How can you maintain your NASD licenses once leaving your firm?
October 6, 2007 9:55 AM   Subscribe

NASD licenses (specifically series 7 & 63) requires company sponsorship to obtain. Once obtained, you need company sponsorship to maintain the licenses. Is there a company who will maintain your licenses for you while you are not working in the financial industry? Perhaps for a fee on top of the annual registration costs? I believe you have two years from separation with your employer to obtain a new sponsor.
posted by lawstudent09 to Work & Money (5 answers total)
I have not heard of this, and would guess it would get your license suspended right quick if it existed. Not to mention it would be a nightmare in regards to having to give notification for non-broker jobs, security transactions, etc. The test is not simply a qualification test, but comes with a whole host of other things which you cannot do, due to broker status.

Have you taken the test yet? It is fairly easy. If you apply yourself you should be able to brush up on everything in a week, seriously.
posted by geoff. at 10:02 AM on October 6, 2007

Yes, FINRA requires you to affiliate with a member firm to maintain your Series 7 and 63, and you do indeed have the two-year period to find a firm before re-taking the exams.

I can't see why you'd need to worry about that two-year period, though. There's so much continuing education about the industry that, if you were to be out for more than two years, you'd want your new employer to be sure that you're up-to-date on how to properly sell securities.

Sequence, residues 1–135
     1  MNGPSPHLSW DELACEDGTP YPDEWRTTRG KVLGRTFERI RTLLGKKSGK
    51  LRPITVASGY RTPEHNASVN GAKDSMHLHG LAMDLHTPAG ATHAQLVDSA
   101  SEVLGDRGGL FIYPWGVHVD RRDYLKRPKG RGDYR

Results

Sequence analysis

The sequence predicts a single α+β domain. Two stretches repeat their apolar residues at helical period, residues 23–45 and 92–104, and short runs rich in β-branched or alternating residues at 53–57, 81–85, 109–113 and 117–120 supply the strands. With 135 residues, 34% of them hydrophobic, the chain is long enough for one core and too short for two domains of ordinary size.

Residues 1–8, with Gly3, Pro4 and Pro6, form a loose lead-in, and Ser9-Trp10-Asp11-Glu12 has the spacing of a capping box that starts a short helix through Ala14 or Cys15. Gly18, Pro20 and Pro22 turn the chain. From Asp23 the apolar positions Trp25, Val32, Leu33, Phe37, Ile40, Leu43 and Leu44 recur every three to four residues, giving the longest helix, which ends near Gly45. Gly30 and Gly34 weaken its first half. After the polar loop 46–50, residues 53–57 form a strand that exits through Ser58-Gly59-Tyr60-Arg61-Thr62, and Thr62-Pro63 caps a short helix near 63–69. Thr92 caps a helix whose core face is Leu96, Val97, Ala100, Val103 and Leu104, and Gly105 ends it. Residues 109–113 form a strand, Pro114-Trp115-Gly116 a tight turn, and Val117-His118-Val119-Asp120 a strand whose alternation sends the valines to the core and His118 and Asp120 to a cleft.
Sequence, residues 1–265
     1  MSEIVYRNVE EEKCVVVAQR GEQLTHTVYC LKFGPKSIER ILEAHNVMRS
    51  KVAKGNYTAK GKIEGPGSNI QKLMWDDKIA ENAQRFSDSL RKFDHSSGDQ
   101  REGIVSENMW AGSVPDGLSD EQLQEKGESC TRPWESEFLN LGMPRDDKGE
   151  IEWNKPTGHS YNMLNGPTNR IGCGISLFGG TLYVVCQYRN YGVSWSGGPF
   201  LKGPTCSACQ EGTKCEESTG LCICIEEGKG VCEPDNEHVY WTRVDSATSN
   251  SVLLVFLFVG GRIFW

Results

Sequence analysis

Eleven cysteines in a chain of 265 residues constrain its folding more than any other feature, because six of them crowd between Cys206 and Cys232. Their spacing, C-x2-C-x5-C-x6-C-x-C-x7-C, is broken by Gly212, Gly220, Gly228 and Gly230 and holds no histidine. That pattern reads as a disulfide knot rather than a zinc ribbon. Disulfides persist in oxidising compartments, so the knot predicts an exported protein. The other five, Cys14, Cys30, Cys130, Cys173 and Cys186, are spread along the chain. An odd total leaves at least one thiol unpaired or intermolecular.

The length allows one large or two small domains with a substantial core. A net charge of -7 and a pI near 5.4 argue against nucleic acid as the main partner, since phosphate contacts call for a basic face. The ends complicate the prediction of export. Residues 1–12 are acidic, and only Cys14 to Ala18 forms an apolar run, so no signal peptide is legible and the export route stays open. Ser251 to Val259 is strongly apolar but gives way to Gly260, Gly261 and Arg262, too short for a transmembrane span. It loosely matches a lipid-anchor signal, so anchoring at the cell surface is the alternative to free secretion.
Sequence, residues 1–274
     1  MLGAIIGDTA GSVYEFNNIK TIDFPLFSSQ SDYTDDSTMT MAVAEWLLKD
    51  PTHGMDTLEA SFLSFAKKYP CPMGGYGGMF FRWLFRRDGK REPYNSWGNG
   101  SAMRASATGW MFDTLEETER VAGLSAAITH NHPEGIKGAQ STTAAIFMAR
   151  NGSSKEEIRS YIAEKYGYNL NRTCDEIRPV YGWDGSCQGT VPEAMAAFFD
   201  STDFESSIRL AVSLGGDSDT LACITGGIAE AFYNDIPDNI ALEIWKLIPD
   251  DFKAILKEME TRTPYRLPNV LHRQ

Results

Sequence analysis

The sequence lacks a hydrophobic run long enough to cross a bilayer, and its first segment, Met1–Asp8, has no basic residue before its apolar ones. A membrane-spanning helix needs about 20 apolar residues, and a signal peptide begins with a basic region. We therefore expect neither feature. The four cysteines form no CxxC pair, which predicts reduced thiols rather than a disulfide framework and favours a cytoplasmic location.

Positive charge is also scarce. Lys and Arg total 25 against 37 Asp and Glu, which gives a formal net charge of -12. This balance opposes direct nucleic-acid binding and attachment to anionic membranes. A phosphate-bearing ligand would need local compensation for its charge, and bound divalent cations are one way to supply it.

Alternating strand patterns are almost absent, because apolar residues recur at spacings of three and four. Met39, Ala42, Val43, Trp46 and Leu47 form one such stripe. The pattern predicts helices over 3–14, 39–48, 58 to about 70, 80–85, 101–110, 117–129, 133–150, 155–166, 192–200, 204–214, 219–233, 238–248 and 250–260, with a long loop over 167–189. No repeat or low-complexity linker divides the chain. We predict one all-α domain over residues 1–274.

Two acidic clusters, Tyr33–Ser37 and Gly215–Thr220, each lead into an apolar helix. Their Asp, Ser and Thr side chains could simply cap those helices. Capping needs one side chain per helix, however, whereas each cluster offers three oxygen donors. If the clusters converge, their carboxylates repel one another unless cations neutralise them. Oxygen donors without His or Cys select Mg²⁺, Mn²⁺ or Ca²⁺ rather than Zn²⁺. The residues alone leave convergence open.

(full disclosure: I review litigation involving financial planners who often fail to understand their changing industry and clients' needs. Please, please, please don't be one of these agents who sell securities without first getting to know your products and your customers!)
posted by salsamander at 10:31 AM on October 6, 2007

What you're asking for is someone to subvert NASD's two year rule, rendering it null.

If such a thing existed, if there were a company that did what you're talking about, don't you think NASD would find out and stop accepting it?
posted by Steven C. Den Beste at 1:06 PM on October 6, 2007

Extending what SCDB said... you don't want to 'hang' your license with anybody who will let you. Your u4/u5/Brokercheck show where you've been registered in previous years. If you've got some chump B/D listed you'll only want to hide it later if you ever start from scratch as a salesperson. Plus the fact that association with a bad B/D can be a black mark to some hiring managers. Let 'em lapse and test again later if you're out 2 years. It's not that bad.
posted by powpow at 5:32 PM on October 6, 2007

I don't know where you are, but you used to be able to house your NASD licenses with the state of California if you were practising in California, and I don't remember them ever checking up on anyone in any organized fashion. My stepdad did this about 7-8 years ago, so it's not ancient history. Worth checking out.
posted by small_ruminant at 11:23 PM on October 6, 2007

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